Menz said through the process of preparing for the event, he realized there are strengths in disagreeing calmly. Graham said he learned it took a calm, clear point to be effective in arguing a point.

“It takes a lot to win … It takes a lot of information,” he said.

Menz said he really enjoyed participating in the debate and hopes he get the chance to hone his skills on a team. Evers said because of the success this first debate, she is strongly looking into starting a debate or forensics team at the Junior/Senior High School.

–Isaac Smith can be reached at (618)-734-4242

The Week in Photos: July 18, 2013

The visual report from the week of July 18, 2013.

Country Black, left, details his tires July 15 while his younger brother, Malik Reeves takes a break at The Wash in Cairo. Black said he and his brothers try to come out and clean his car once a week. He said the car was in need of some TLC after he and his brothers fished on the Ohio that afternoon. The crew gave the car a thorough cleaning, taking out all the mats to be scrubbed and vacuumed, wiped down and vacuumed the interior and gave the finish a good wash and polish.-- Isaac Smith | The Cairo Citizen
Country Black, left, details his tires July 15 while his younger brother, Malik Reeves takes a break at The Wash in Cairo. Black said he and his brothers try to come out and clean his car once a week. He said the car was in need of some TLC after he and his brothers fished on the Ohio that afternoon. The crew gave the car a thorough cleaning, taking out all the mats to be scrubbed and vacuumed, wiped down and vacuumed the interior and gave the finish a good wash and polish.– Isaac Smith | The Cairo Citizen
Guy Sutton takes his water bottle to be filled July 15 at D Mart in Cairo. Sutton said he does not know his exact age but believes to be in his 90’s. Though he cannot remember how old he is, he does remember where he was born: Memphis. He said he came to Cairo after working for the railroad. Sutton now spends his days riding through town on his bike.  -- Isaac Smith | The Cairo Citizen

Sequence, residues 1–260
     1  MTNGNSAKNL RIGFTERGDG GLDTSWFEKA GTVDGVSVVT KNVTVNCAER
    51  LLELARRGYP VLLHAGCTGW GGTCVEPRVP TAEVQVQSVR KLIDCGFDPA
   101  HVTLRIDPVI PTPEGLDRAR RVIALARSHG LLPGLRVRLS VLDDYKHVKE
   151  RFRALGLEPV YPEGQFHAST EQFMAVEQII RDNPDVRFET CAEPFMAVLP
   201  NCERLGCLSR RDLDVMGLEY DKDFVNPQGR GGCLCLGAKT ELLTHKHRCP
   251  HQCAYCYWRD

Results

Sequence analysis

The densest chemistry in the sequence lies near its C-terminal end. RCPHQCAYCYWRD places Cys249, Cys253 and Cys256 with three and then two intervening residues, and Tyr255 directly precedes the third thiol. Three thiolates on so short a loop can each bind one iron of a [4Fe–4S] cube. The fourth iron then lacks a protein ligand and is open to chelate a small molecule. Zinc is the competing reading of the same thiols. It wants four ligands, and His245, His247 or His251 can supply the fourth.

Guy Sutton takes his water bottle to be filled July 15 at D Mart in Cairo. Sutton said he does not know his exact age but believes to be in his 90’s. Though he cannot remember how old he is, he does remember where he was born: Memphis. He said he came to Cairo after working for the railroad. Sutton now spends his days riding through town on his bike. — Isaac Smith | The Cairo Citizen
D’Eric Menz, left, listens to Brian Brantner July 12 during the first practice for the debate sponsored by the Dusable Museum of African American History and the Amistad Commission in the library in Cairo. Brantner assembled a team of his best minds and best arguers to debate with students from Chicago on the subject of why African American soldiers would have chosen to fight for the Union Army after the signing of the Emancipation Proclamation. The teams will compete July 20 in the library. -- Isaac Smith | The Cairo Citizen
D’Eric Menz, left, listens to Brian Brantner July 12 during the first practice for the debate sponsored by the Dusable Museum of African American History and the Amistad Commission in the library in Cairo. Brantner assembled a team of his best minds and best arguers to debate with students from Chicago on the subject of why African American soldiers would have chosen to fight for the Union Army after the signing of the Emancipation Proclamation. The teams will compete July 20 in the library. — Isaac Smith | The Cairo Citizen

Keeping it clean

Country Black, left, details his tires July 15 while his younger brother, Malik Reeves takes a break at The Wash in Cairo. Black said he and his brothers try to come out and clean his car once a week. He said the car was in need of some TLC after he and his brothers fished on the Ohio that afternoon. The crew gave the car a thorough cleaning, taking out all the mats to be scrubbed and vacuumed, wiped down and vacuumed the interior and gave the finish a good wash and polish.-- Isaac Smith | The Cairo Citizen
Country Black, left, details his tires July 15 while his younger brother, Malik Reeves takes a break at The Wash in Cairo. Black said he and his brothers try to come out and clean his car once a week. He said the car was in need of some TLC after he and his brothers fished on the Ohio that afternoon. The crew gave the car a thorough cleaning, taking out all the mats to be scrubbed and vacuumed, wiped down and vacuumed the interior and gave the finish a good wash and polish.– Isaac Smith | The Cairo Citizen